Typically when most folks think of the word “amphibian,” they think of either big bullfrogs “jug’o rumming” the night away on steamy summer evenings in the South or brilliantly-colored dart frogs bounding along unknown trails of dark tropical rain forests. It’s easy to see why – there are over 5,000 species of frog, after all! However, unless you’re of a certain ilk, you don’t often think “salamander.” While we maintain a wonderful array of native and tropical frog species here at Zoo Atlanta, we also have a diverse group of native U.S. species of salamanders. Some of these fascinating critters can be seen on exhibit in the World of Reptiles. Some, like the hellbender
also known variously as Mollyhugger, Grumpus and my personal favorite….
They may be hard to see at times, but are incredible marvels that call the north Georgia mountains home (along with other parts of the eastern United States). Regarded as North America’s largest amphibian, these salamanders can reach lengths over two feet, although the three we currently have on exhibit top out at a “modest” 12 inches.
If you look closely among the rocks of their stream exhibit, you may notice some weird things about these giant salamanders. For one, their skin looks very wrinkly
(which gives them another fun local name … the Lasagna Lizard).
There is a reason behind those wrinkles! Hellbenders use the increased skin surface those wrinkles provide to help them absorb more oxygen. The waters they occupy in the streams of north Georgia are very cool (dip a toe before jumping in, trust me!) and highly oxygenated. Also, you’ll notice that they are pretty flat, especially their heads. That helps these slippery creatures not only squeeze under large rocks, but also allows them to walk against the quick flow of the streams they live in by creating very little drag.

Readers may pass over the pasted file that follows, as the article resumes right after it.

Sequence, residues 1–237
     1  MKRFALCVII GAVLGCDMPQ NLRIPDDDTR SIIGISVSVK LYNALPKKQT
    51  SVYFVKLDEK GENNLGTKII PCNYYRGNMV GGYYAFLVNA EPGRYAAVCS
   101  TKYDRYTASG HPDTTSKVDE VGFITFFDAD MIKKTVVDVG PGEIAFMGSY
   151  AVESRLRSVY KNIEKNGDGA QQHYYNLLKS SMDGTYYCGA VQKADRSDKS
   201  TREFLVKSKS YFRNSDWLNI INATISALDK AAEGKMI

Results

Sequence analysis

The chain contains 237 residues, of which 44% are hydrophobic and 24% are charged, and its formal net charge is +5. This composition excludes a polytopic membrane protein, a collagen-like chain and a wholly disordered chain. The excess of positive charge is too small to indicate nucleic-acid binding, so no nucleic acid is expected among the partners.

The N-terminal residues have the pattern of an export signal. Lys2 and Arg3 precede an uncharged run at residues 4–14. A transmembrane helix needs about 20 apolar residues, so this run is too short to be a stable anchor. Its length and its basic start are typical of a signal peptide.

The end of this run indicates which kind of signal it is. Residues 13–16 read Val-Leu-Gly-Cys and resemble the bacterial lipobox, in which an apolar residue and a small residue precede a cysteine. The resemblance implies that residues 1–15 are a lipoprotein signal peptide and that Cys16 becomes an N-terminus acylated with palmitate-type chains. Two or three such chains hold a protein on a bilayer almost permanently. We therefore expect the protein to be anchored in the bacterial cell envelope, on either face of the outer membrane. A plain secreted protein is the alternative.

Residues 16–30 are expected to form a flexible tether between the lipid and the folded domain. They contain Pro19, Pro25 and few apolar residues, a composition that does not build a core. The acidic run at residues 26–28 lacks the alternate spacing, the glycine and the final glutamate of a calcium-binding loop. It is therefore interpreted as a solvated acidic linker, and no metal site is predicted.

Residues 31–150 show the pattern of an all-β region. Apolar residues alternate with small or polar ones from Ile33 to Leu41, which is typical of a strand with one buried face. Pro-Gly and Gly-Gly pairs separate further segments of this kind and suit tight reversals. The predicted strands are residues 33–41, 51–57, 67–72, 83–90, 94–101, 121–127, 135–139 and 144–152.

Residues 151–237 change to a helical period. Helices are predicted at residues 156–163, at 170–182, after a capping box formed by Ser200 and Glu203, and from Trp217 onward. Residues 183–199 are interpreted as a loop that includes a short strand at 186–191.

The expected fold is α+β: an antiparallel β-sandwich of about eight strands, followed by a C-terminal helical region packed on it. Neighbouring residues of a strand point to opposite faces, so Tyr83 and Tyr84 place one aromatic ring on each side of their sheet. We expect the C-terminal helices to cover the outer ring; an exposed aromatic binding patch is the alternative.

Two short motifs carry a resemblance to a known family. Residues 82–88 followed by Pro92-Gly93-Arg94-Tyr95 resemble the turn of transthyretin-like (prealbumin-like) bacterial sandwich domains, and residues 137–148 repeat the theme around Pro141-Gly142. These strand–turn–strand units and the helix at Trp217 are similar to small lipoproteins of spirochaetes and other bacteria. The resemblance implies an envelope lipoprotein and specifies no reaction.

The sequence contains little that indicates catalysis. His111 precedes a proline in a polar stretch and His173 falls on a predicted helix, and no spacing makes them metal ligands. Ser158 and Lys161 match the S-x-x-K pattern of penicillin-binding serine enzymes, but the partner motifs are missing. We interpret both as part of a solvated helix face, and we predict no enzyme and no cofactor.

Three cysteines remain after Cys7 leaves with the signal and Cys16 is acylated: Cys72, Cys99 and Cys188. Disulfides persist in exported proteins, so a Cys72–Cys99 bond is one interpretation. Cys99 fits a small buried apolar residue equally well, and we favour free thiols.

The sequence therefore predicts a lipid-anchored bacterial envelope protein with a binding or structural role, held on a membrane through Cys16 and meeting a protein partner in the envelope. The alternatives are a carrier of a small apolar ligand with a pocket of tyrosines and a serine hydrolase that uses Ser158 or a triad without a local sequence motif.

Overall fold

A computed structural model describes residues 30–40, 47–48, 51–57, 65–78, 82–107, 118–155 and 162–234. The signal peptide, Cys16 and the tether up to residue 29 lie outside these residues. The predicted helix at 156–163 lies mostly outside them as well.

Many legends surround these harmless “river monsters,” but they are completely benign members of the mountain ecosystem. Their wild diet includes crayfish, other underwater invertebrates, tiny fish and the odd smaller salamander. Our hellbenders at the Zoo enjoy fish, crayfish, and earthworms.
Hellbenders are among our most imperiled amphibians. In fact, the ones you see on exhibit at the Zoo were captive-raised in an effort by biologists from the state of New York and the Buffalo Zoo to re-introduce populations into parts of that state where they were once plentiful. We hope their efforts pay off and that you enjoy visiting these amphibian ambassadors at Zoo Atlanta!